Story by: Wenee Yap
Photo by: Vilia Co
Survival of the fittest. Expel the weak, wayside-fallen criminal delinquents for the overall good of society. Though Social Darwinism has long been disproved, its harsh reasoning can be seen to underpin the juvenile justice system of the People's Republic of China, which features a criminal law system designed for adult offenders applied to youths, irrespective of their age, circumstances or pettiness of the crime. For children or teenagers convicted of a crime, the consequences are shattering: expelled from school or university, gaoled and socially ostracised, they are virtually denied any future prospects other than a life of escalating crime.
Salvation has come in the form of one bicycle-riding, good-humoured judge in Beijing's sprawling district of Haidian, which deals with about one-quarter of Beijing's youth population. Senior Judge Shang Xiuyun of the People's Court of Haidian believes in education and granting a second chance to wayward Chinese youths, a philosophy which flies in the face of a society often unforgiving of criminals. She stresses rehabilitation over retribution, compassion over pragmatism - a form of 'bigger picture' Darwinism - values which have seen her volunteer scant spare time to visiting the families, schools and communities of the volatile teenagers who find their way to her courtroom, so that she may better understand what led them to crime.
"China's law relies on the principle of education, with punishment of subsidiary importance," said Judge Shang. "While working on my cases, I search for "bright spots" in delinquent youths, hoping to find ways to change their minds and lead them to the right path in life. In my 28 years, I have seen over 910 juvenile delinquents, 60 of whom were accepted by various vocational schools, 19 went on to study at universities, and 3 became graduate students."
Judge Shang is in Sydney with colleague and Professor Pi Yi-jun, from the China University of Political Science and Law and Director of the Centre of Juvenile Delinquency and Juvenile Justice, invited by the China Law Network to explore international approaches to dealing with juvenile offenders. Youth crime is a growing problem in China, which Professor Pi links to China's 'open door' policy of the early 1980s and its consequential confusion of morality and culture in its "eagerness to learn from overseas." Said Professor Pi: "The era of traditional Chinese culture is over. In China's current confused state, we are undergoing a 'reorganisation of morality.'" Indeed, crime amongst 14 year old girls alone has risen from 5% to 10% during the last two decades.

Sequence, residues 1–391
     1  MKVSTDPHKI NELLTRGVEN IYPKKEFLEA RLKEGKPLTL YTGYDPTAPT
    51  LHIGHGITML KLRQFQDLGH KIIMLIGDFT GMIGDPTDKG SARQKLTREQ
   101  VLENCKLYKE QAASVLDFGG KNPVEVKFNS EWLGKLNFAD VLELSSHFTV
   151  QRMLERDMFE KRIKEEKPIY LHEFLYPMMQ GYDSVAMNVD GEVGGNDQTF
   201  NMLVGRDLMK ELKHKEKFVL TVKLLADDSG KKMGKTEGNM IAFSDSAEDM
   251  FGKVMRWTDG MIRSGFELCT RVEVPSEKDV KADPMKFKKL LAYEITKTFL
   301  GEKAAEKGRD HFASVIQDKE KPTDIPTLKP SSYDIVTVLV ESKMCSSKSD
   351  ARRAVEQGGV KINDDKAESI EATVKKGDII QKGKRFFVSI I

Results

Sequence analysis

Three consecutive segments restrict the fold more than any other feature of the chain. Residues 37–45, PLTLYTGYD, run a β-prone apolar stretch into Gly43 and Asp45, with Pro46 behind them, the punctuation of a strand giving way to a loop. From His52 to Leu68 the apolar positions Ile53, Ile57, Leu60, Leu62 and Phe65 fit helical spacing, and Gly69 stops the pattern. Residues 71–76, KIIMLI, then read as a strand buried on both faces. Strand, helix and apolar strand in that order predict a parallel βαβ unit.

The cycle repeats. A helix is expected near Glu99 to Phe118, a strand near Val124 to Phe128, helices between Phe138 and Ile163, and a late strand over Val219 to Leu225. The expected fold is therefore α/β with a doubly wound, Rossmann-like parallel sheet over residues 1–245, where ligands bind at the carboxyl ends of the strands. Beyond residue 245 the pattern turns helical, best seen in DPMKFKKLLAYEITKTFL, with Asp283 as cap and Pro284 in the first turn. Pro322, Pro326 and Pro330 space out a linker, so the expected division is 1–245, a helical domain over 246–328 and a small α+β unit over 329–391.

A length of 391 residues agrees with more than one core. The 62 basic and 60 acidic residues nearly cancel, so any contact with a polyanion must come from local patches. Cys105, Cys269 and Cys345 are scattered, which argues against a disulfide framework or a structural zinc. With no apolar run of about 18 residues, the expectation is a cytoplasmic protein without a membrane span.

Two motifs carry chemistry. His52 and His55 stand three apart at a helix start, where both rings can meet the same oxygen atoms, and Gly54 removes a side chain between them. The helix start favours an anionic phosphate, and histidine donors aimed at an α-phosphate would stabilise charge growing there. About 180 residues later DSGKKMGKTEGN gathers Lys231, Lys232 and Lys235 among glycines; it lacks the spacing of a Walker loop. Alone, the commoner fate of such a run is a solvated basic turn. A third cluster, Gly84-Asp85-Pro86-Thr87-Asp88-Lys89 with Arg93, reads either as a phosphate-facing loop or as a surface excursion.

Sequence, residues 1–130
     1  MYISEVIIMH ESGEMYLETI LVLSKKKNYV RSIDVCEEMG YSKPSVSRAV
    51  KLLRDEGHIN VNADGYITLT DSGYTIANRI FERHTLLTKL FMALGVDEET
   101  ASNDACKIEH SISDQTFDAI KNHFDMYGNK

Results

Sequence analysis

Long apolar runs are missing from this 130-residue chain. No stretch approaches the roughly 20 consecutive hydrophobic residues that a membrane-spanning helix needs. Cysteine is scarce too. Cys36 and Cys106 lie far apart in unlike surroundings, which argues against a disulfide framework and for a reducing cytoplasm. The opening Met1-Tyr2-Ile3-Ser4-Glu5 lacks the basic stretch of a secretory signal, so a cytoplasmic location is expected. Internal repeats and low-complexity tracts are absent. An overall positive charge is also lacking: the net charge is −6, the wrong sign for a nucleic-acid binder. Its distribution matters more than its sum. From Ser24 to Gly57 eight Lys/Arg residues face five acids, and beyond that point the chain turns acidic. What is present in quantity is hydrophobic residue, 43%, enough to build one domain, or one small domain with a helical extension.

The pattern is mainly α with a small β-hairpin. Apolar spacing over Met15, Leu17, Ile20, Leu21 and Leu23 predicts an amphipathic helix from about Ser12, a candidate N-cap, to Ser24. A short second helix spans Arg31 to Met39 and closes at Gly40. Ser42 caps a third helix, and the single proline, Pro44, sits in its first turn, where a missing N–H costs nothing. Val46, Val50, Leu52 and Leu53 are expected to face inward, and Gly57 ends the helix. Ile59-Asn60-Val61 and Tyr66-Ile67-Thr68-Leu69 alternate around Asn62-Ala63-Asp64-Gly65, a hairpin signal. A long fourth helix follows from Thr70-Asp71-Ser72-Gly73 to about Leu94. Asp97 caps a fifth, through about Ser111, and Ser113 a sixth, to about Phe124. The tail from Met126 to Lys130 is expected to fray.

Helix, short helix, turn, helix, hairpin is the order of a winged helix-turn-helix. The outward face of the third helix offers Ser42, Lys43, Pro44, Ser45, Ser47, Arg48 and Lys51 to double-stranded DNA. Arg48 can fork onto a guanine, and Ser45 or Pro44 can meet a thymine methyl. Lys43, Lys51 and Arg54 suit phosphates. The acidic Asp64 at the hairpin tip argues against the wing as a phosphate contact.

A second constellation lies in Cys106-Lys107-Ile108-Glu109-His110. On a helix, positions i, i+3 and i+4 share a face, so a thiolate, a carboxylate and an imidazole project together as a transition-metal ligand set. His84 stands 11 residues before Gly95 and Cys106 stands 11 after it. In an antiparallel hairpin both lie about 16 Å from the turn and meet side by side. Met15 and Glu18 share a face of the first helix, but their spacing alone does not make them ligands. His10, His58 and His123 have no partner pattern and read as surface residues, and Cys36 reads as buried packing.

Judge Shang's efforts are the subject of an acclaimed film in China and have won her the fond nickname, 'Court Mother.' With the pride of a blood parent, she related one of her best "bright spot" success stories - an impoverished brilliant 16 year old college student driven to steal four bicycles to pay living expenses in costly Beijing. Expelled from a 'key' university despite topping the country's college entrance exams at the prodigious age of 15, his prospects looked lost. Remorseful and repentant, he received only a suspended sentence. The real challenge lay with regaining his student status at the university. Its regulations were clear: any student who violated criminal law would be expelled, no exceptions. Judge Shang, with a court clerk in tow, called upon the university president and conferred for over five hours. Her vigour and passion raised the President's suspicion, provoking him at one point to ask if she had any family connection to the boy. None, replied the court clerk, angered and exhausted.
"We were really disheartened," said Judge Shang. "I asked myself, 'If he were my son, would I spare any effort to save him? If he were given a second chance, he would probably become a talent of the nation. No, he had to have a second chance."
Her campaign succeeded; the university president was persuaded and allowed the boy to be re-admitted to university after an exemplary year spent working at a factory affiliated with the university. As predicted, he became a stellar student, going on to complete a Masters degree at a top Beijing university and an illustrious career in academia. He even called twice to invite Judge Shang to his wedding. "In my 28 years as a judge, I have never accepted any invitations or gifts. Still, I went to his wedding in an auspicious red cardigan, and he introduced me to all his teachers and friends saying, 'This is my mother.'"
Recalling the many former juvenile offenders who now affectionately refer to Judge Shang as their 'mum', the judge smiles. Many write and send videos to her to share their success in their studies, careers, and their "heartfelt joy of falling in love," little notes which make this court mother beam with pride. "All I know is that serving a child is equal to serving a whole family," said Judge Shang.
China is currently trialling a 'suspended prosecution system' for youth offenders: 3-12 months spent under public surveillance as a substitute for prison-time where, according to Judge Shang, "bad behaviour is learnt from other criminals." Repentance and reform during this period would lead to exemption from prosecution.
"Only a handful of people are involved in juvenile justice in China," said Professor Pi. "I really hope we can do a lot more internationally, perhaps a cooperative project with UTS. I sincerely believe if we could help the children in China, we could help the whole nation."